More glimpses into Mormon child life from their artwork and writings in the “Children’s Budget Box” of the 1919 Juvenile Instructor:
Camilla Hinton, age 10, Hurricane, Utah
The Greatest Gift
“Only one more week and we sail for France.” It was Bob Jarvis that spoke.
There were twelve men around the table in the Y.M.C.A. in New York.
“Great, I am just longing to get a shot at Fritz. Oh, boy!” came from one of the listeners.
“Maybe Fritz is also longing to get a shot at you,” replied Bob; this was followed by laughter.
“Corporal – May I speak to you?” said Sergeant Hone suddenly appearing in the door way. Bob saluted and followed the sergeant outside.
“We have had orders,” said Hone, “to leave tonight for France and you are to get your men ready to leave on the next ship.”
“Yes, sir,” Bob gasped, saluted and was gone.
“Great news, boys,” exclaimed bob, rushing in upon the boys, “we sail for France tonight; go get all your things packed and be ready to go on the next ship.”
“Won’t that be jolly,” said Private West; “I have always wanted –” His sentence was cut short by Corporal Jarvis. “Don’t stand all night talking. We haven’t any time to lose.” The boys separated to pack their things and to try to look sober.
Half an hour later they were marching toward the dock, under cover of darkness.
“Off at last,” said Bob, when the ship was well under way.
A week or so later the ship reached France. The boys were welcomed by cheers, and flags, etc., by the French soldiers and civilians.
Two months had passed since our American boys had reached France.
Bob came into the Y.M.C.A. hut somewhere in France, very much excited. “Boys, we are ordered to the front,” he said.
“To the front,” they all echoed.
“Yes, we start tomorrow.”
A week or so later there was a heavy charge on the Germans. It was during this drive that Bob was severely wounded while saving a wounded comrade, in No Man’s Land. They were rushed to the dressing station and then to the field hospital and then to the base hospital where their wounds were given a final dressing.
“Nurse,” Bob said, feeling himself growing weaker. “Come here, I want to ask you something, before I ‘go West.’ Do you think I have done enough for my country?”
“Yes,” she said, “you are giving your life for your country and friend, greater love hath no man than this, that a man lay down his life for a friend.”
Bob then closed his eyes, to sleep till the resurrection morn to rise with the heroes who gave their lives for their country.
– E. Roxie Peterson, age 13, Salt Lake City, Utah
Little Helen had come from Belgium and many things in America were new and strange. One day, in kindergarten, another child had cinnamon-bread sandwiches and she divided with Helen. Soon the teacher discovered that Helen had wrapped her piece of sandwich in paper and was going to put it into the waste-basket.
Don’t you like it, Helen?” she asked.
Helen shook her head. “My mother doesn’t put dirt on her bread,” she said.
The teacher smiled and explained that the “dirt” was cinnamon and very good to eat, although it did look like sand. So Helen tasted it, and when the teacher looked again every crumb was gone.
– Inez Ott, age 10, Payson, Utah
“An Egyptian Prince” – Malena Johnson, age 14, Cowley, Wyoming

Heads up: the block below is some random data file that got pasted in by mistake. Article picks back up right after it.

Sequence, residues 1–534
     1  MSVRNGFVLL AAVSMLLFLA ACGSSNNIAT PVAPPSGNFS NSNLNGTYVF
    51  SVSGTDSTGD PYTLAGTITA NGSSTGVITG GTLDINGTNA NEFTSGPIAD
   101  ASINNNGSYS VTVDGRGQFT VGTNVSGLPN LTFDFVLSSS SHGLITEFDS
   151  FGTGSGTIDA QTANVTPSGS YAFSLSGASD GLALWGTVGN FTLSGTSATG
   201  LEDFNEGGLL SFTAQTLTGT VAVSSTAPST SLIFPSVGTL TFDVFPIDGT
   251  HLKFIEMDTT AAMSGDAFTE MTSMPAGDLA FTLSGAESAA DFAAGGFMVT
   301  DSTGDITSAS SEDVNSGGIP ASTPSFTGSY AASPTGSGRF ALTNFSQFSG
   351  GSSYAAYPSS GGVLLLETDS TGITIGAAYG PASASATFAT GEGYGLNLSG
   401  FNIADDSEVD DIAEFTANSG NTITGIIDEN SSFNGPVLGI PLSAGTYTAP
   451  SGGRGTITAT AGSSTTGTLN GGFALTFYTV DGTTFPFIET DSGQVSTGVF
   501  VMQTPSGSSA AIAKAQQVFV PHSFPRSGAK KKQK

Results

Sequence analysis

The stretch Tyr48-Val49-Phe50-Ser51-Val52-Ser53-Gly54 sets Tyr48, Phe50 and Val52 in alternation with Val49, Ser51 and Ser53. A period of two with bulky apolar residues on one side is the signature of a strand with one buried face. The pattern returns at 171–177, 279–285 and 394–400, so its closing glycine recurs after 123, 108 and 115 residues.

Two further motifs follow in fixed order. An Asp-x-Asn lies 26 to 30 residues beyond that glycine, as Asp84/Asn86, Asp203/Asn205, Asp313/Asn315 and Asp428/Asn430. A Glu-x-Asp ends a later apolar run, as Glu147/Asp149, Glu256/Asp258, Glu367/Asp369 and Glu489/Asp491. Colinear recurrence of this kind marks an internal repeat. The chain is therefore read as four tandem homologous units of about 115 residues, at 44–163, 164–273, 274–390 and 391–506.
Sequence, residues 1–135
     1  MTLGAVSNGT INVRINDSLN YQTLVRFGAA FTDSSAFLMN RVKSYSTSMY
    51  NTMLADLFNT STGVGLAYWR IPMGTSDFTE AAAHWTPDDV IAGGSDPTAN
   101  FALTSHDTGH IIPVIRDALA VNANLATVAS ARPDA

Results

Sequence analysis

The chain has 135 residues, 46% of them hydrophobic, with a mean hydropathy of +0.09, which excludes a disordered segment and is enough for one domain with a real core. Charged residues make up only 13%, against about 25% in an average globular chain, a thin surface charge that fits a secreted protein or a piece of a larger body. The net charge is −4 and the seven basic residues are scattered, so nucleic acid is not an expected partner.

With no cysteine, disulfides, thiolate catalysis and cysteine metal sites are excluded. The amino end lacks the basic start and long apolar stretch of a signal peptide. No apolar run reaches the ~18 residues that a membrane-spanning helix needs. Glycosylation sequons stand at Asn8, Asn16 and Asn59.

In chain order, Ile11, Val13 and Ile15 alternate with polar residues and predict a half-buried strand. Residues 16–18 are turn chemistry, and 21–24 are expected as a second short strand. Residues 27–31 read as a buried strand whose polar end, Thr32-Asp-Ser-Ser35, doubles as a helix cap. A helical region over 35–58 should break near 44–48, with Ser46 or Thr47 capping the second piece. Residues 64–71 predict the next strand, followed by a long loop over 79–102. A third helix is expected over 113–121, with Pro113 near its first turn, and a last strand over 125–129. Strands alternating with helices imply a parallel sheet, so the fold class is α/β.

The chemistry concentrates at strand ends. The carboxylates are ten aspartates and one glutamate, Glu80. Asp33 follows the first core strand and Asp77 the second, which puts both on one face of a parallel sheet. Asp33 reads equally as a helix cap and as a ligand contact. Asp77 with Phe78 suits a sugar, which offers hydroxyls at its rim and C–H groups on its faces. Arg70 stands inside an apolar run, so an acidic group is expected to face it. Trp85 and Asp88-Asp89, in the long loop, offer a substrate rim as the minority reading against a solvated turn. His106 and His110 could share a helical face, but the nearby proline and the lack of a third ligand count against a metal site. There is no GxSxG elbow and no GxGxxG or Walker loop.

The Juvenile Instructor
There’s a dear little book
We all love to read.
It gives us good counsel
We all ought to heed.
There’s good reading for young
As well as for old,
And to me it’s the very
Best book that is sold.
Now, who can guess this book so great?
There is none worthy to be its mate.
Now think of a book of such great worth.
The Juvenile Instructor, the best on earth.
– Ruth Meredith Ellsworth, age 11, Chicago, Illinois
A Happy Family
Dear Little Readers:
I am so happy tonight, I want to tell you about it. We are seven in our family – papa, mama, a big sister, a little brother, and little twin sisters, ten months old. Eda and Ina are their names. They are such good babies. I am happy to think we missed the “flu.” So many little boys and girls lost their papas and mamas this winter. May the Lord bless them and make them happy again, is my constant prayer.
Your little friend.
– Iola Hickman, age 8, Bicknell, Utah
“Oh, My!” – Amy Dean, age 14, Salt Lake City, Utah
My Orphan Cat
As we were going home one dark night this summer a kitten jumped out of some weeds and followed us. Thinking it was our neighbor’s cat we paid no attention to it, but in the morning we found that it was black and the cat next door was grey, so we took it and fed it and when we moved brought it with us on the car.
It must have been kicked about before it came to us for it is afraid of visitors or noises and hides away until all is quiet.
It has had two fits. I guess it was because we played with it too hard after it had eaten.
It has the cutest little face and baby voice. I have given it a bath and one day dressed it up in my doll’s clothes. It went running all over and then laid down and bit at the clothes until they fell off.
It has been out to meet the other cats and got into a fight or two and has been out all night. I scold when it does these things so I guess it will soon learn better.
– Alice Brinton, age 12, Salt Lake City, Utah
I will say good-by to the Budget,
This week I will be seventeen.
A line so you’ll know how I love it;
Before I pass over sixteen.
Good stories, and poems, and drawings,
Each to be found on your page –
Every month for you I am watching.
Oh, it is great to be Budget Box age.
Obedience, bravery, and courage,
Are some of the things you teach.
They’ll help us along life’s voyage,
There’s something to benefit each.
My friends, I will now say good-bye,
Success to you all, every one.
To win in life’s battle I’ll try,
I’ll strive till the victory’s won.
– Lea Porter, age 16, Hatch, Utah